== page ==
What are the environmental and watershed impacts of berms?

The environmental impacts of berms include riverbank erosion, habitat destruction, and stream instability. These impacts are mainly caused by the increase in velocity that berms cause by limiting the room for water to flow.

Berms are built to contain flood waters and prevent riverbank breaches that could flood developments. Impacts on the surrounding watershed can be significant, due to high flow rates and subsequent erosion. The function of floodplains is also disrupted, because water is being confined to the stream, rather than allowing flow to expand across the floodplain.

Would a berm help in a drought?

Flood protection berms are intended to aid in flood situations by keeping high water out of certain areas. Therefore, they tend to be of little use in a drought.


[i] Government of New Brunswick, n.d., Water and Sediment Control Basins. Accessed 2023-05-08.

[ii] Government of Canada, 2013, Reducing flood damage. Accessed 2023-05-08.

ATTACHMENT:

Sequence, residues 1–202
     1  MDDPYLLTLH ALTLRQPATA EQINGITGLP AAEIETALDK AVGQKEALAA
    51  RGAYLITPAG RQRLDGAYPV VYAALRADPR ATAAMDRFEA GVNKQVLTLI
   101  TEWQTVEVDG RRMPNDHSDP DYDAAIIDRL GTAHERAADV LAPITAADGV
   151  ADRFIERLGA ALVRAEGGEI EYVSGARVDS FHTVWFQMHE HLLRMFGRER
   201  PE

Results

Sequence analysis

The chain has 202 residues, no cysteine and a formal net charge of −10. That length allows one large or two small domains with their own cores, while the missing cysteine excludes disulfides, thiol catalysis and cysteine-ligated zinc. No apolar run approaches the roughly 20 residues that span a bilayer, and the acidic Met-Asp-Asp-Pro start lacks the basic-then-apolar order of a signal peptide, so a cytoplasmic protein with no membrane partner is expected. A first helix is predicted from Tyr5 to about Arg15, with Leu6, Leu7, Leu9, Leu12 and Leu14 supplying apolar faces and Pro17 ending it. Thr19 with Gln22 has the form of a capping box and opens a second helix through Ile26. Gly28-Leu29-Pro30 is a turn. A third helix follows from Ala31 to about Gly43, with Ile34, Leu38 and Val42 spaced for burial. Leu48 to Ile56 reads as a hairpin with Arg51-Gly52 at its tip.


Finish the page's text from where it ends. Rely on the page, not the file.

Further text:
[iii] Government of British Columbia, n.d., Lower Mainland Dike Inventory Maps. Accessed 2023-05-08.

[iv] Government of Newfoundland and Labrador, 2022, Newfoundland and Labrador Flood Management Strategy. Accessed 2023-05-08.

[v] The Drumheller Mail, 2023, Province announces $27.3 million for Drumheller flood mitigation project in 2023 budget. Accessed 2023-05-08.

[vi] Canadian Press, 2022, Dikes to protect N.S. N.B. link from flooding expected to cost hundreds of millions. Accessed 2023-05-08.

[vii] Government of Alberta, n.d., Springbank Off-stream Reservoir. Accessed 202305-08.

[viii] Government of Alberta, n.d., Bow River Reservoir Options. Accessed 2023-05-08.

[ix] Lake Champlain Committee, 2014, Lessons From the Floods – Bad News Berms. Accessed 2023-05-08.

[x] Irwin A., 2021, How flood protection can paradoxically put people at risk. Accessed 2023-05-08.

[xi] Fraser Basin Council, 2010, Environmental Protection in Flood Hazard Management: a guide for practitioners. Accessed 2023-05-08.